2. I must congratulate you in finding this gem in your Bible study Manette; but what a challenge it is to us sister! I must confess I am far from ready for such a self sacrifice, especially today which has been challenging. I think this means I am very much a work in progress. God bless you today sister 🙏

    Liked by 2 people

    1. Alan, we are all works in progress. We need not let the enemy shame us rather allow the Holy Spirit to encourage and inspire us by the faith of these men. Men like us who had their own failings, weaknesses, and sins. These are men who learned to trust God as they learned to fear Him and were bold enough to respectfully question God. I’m thinking of each man’s unique encounter with God:
      • Moses and the burning bush (Exodus 3) enters a relational dialogue right from the start.
      • Paul when being struck blind on the Damascus road (Acts 9 and 22) asks God two questions: “Who are you Lord?” and “What should I do?”

      Moses and Paul had free-will to surrender and obey like we do. Yet even our faith is a gift from our gracious Heavenly Father and we can pray, “I do believe; help my unbelief!” (Mark 9:24)

      Yehovah bless you as you walk in faith and serve God with your gifts and talents.

      Like

    1. Robert, adoration of our Savior is what I hoped to inspire from this post and you’ve hit upon the second. The Father’s unconditional love in us through the Holy Spirit will lead us to prayer and sharing the Gospel.

      Thanks for sharing your thoughts. Yehovah bless you.

      Like

  3. That is a heavy question and one if those things that only God can prepare us for. As Jesus told His disciples in John 13 “Where I am going, you cannot follow me now…” But later on all of them but Judas did follow…but in a farmer’s terms – it was a long hard row to hoe. What a wonderful patient Savior we have that He teaches each of us how to follow in His own perfect way.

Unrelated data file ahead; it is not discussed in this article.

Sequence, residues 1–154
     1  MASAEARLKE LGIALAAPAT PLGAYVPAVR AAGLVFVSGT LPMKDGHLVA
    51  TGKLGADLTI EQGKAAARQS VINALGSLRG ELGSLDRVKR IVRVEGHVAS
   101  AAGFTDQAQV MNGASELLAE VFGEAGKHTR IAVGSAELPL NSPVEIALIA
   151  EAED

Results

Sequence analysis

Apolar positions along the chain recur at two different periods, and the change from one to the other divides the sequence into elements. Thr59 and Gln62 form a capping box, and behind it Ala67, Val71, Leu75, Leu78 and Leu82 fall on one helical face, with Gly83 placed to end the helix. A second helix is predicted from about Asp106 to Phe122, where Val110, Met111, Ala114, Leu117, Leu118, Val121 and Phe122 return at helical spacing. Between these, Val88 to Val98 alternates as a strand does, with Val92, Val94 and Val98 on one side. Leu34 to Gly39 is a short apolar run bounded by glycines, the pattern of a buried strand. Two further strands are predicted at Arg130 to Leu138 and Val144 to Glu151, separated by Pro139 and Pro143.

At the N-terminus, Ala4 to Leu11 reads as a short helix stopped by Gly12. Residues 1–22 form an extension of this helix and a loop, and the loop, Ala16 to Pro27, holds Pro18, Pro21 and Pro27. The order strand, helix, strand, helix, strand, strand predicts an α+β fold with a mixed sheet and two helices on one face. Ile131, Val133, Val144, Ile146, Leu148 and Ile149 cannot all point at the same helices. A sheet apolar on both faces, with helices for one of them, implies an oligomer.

Liked by 2 people

    1. I agree, Pastor Pete, only God can prepare us. Thank you for sharing the supporting Scripture about the disciples. Please see my reply to Manu, it sums up what I hope will be the take-a-way from the post. I think you captured it too. Yehovah bless you.

      Like

  4. Wow! Manette you really made me reflect in awe of what Christ has done for us. I am not there yet too and as such in contrast the extent that Christ went for our sake is beyond words. I never want to take that for granted.

    Liked by 3 people

    1. Thank you, Manu. Your response blesses my soul! You captured the message of this post it’s about what Christ did rather than the lives of Paul and Moses.

      We can be inspired by many from the Bible and throughout history but that’s not where we should land. We can go deeper into the core of why an individual inspires. In this instance, Paul and Moses are inspirational because their lives are an imitation of Christ.

      Inspiration is often a fleeting warm fuzzy feeling, whereas imitation = action. I want to land in the latter. It sounds like you have, Manu. Yehovah bless you.

      Liked by 3 people

  5. Thanx, Manu. How different the world would be if more were willing to die for their lost loved ones and enemies.
    “A man really believes not what he cites in his creeds, but only the things he is ready to die for.” (Richard Wurmbrand)
    ❤️&🙏, c.a.

    Liked by 1 person

    1. I love Richard and Sabina Wurmbrand’s story. Their lives are amongst those that imitate Christ well. I support the mission he founded, “Voice of the Martyrs”.

      C.A. thanks for reading and commenting. Yehovah bless you.

      Liked by 1 person

  6. First of all, Manette, it warmed my heart to read about your reading through the Bible; my church began a three-year plan in mid-Feb. of last year, so we’re over halfway there. Second, I have heard those two passages linked before; even though it’s impossible to “trade” eternities, so to speak, with someone else, both men show the depth of love in their hearts.

    Liked by 1 person

    1. The depth of love in their hearts is extraordinary––Holy Spirit infused!

      Keith, it’s nice to do reading plans with others. I started with a small group of women and we were meeting until the pandemic hit. I know that two others finished at about a year (that was our original plan). A couple gave it up after we were no longer meeting and I kept going at my tortoise pace. I’m glad I did because I’ve learned a lot.

      Yehovah bless you.

      Liked by 1 person

  7. I cannot pray that prayer of Moses or Paul either. I even find it hard to pray “whatever it takes, Lord” for loved ones to turn to Jesus. I have a long way to go to die to self!!

    Liked by 1 person

  8. My wife stood in line, a long line, at a bookstore to meet and greet one of her favorite devotional authors. When it was her turn at the author’s table, my wife told her how much she soaks up her written words, and how she can’t wait to dive into the new book just out. The writer smiled, hugged her and simply said, “Go with God.”. The journey seems lengthy with turns and curves and cliff edges, but I am not there just yet.

    Liked by 1 person